UBE2C deficiency inhibits p-AURKA expression in gastric adenocarcinoma

To accurately determine AURKA and UBE2C expression in gastric adenocarcinoma, the expression levels of p-AURKA were determined through western blot analysis (Fig. 6A and B). The results confirmed that p-AURKA expression was significantly decreased in si-UBE2C treatment group. Furthermore, the levels of AURKA were increased through qt-PCR and western blot analysis. Immunofluorescent microscope analysis suggested that si-UBE2C treatment in MGC803 and SGC7901 cell lines resulted in the increased expression of AURKA in the cytoplasm (Fig. 6C). This was determined by the observation of a significantly greater fluorescent signal intensity in the cytoplasm compared with the control groups, suggesting that the expression of AURKA was negatively correlated with UBE2C. However, immunostaining analysis revealed the UBE2C and AURKA protein expression in gastric cancer, and the expression levels of UBE2C were slightly less in Lenti-si-AURKA treatment compared with control groups (Fig. 6D). The results confirmed that si-UBE2C inhibits the expression of p-AURKA in contrast to inducing AURKA inactivation.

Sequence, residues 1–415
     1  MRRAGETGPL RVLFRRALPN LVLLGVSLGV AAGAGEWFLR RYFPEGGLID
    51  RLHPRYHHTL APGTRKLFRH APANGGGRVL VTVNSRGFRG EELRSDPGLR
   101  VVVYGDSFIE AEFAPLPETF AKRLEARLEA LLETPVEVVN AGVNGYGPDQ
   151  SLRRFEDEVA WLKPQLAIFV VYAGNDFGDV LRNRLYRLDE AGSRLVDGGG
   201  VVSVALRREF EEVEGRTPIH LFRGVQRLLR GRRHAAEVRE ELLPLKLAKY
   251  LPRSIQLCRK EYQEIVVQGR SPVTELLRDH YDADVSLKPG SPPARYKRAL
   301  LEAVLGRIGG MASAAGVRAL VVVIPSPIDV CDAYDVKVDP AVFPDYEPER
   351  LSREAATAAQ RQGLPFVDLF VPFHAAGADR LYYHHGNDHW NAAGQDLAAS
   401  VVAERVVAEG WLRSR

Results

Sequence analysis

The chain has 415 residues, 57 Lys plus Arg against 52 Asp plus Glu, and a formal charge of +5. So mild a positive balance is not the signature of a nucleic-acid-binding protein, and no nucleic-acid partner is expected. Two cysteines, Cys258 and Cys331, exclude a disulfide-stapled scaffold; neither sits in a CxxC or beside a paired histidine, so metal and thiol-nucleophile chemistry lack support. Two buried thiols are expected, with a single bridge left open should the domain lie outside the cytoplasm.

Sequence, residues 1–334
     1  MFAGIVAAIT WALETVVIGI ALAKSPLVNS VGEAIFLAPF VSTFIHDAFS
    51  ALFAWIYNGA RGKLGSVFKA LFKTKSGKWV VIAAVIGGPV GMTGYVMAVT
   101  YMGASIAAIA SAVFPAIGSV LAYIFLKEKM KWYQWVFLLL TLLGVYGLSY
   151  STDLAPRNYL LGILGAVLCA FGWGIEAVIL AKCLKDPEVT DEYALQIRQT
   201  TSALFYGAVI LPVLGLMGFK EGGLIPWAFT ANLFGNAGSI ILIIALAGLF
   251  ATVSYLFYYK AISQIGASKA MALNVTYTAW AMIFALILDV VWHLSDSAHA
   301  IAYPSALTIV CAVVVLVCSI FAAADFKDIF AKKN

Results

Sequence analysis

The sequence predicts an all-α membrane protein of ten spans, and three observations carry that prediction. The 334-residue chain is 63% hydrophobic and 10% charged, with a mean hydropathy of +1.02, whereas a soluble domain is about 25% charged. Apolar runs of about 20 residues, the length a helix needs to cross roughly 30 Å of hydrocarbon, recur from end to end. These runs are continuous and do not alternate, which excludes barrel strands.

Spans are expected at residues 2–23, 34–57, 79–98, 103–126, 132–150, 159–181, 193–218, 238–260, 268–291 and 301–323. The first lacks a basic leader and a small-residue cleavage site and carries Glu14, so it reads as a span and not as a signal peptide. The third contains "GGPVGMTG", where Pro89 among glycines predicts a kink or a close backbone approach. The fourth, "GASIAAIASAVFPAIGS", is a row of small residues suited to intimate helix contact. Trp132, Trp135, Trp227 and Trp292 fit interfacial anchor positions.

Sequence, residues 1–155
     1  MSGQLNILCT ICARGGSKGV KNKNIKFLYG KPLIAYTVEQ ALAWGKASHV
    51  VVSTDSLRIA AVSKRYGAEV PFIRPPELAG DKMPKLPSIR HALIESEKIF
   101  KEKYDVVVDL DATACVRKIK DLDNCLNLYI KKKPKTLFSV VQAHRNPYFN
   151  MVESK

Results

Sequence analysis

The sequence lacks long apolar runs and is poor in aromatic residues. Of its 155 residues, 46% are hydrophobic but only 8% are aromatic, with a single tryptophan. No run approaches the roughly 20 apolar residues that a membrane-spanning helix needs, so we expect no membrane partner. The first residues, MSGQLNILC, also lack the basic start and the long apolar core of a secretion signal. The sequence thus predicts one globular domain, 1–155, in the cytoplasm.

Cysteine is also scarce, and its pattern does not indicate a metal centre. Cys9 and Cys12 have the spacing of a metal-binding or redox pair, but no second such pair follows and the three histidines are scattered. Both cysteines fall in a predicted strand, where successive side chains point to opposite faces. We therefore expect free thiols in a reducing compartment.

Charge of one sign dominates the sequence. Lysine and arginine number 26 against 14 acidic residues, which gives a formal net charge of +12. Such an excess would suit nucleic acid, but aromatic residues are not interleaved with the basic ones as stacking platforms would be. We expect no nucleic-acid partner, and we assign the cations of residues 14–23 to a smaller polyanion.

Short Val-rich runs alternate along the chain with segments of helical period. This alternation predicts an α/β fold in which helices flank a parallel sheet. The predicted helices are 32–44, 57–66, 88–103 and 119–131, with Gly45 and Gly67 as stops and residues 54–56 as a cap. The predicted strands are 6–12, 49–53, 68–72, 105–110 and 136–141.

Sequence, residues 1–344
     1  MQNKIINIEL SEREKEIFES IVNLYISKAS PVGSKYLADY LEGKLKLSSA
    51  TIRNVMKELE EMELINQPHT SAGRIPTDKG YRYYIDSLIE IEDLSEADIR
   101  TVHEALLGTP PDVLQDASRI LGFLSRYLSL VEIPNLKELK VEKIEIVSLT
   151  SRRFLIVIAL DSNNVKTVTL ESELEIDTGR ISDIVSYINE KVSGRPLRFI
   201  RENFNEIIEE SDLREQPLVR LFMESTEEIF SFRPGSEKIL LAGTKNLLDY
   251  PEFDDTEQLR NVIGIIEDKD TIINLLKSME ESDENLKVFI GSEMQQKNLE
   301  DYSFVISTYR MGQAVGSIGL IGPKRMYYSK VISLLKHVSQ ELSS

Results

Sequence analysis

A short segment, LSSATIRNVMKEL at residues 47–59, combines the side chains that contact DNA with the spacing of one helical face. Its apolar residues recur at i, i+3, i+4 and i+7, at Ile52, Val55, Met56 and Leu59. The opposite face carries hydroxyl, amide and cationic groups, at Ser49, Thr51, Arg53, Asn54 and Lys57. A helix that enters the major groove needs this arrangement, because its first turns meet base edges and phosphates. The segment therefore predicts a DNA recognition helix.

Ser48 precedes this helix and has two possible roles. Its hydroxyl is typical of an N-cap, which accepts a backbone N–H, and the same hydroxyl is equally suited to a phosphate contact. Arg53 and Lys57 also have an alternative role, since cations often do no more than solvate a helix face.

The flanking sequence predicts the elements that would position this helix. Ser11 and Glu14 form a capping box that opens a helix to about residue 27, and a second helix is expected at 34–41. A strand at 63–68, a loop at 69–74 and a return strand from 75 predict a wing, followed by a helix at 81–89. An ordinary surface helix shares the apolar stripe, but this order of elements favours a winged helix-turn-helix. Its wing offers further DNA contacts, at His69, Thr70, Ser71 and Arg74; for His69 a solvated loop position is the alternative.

Inhibition of UBE2C represses epithelial-mesenchymal tran- sition (EMT) through Wnt/β-catenin and PI3K/Akt signaling pathways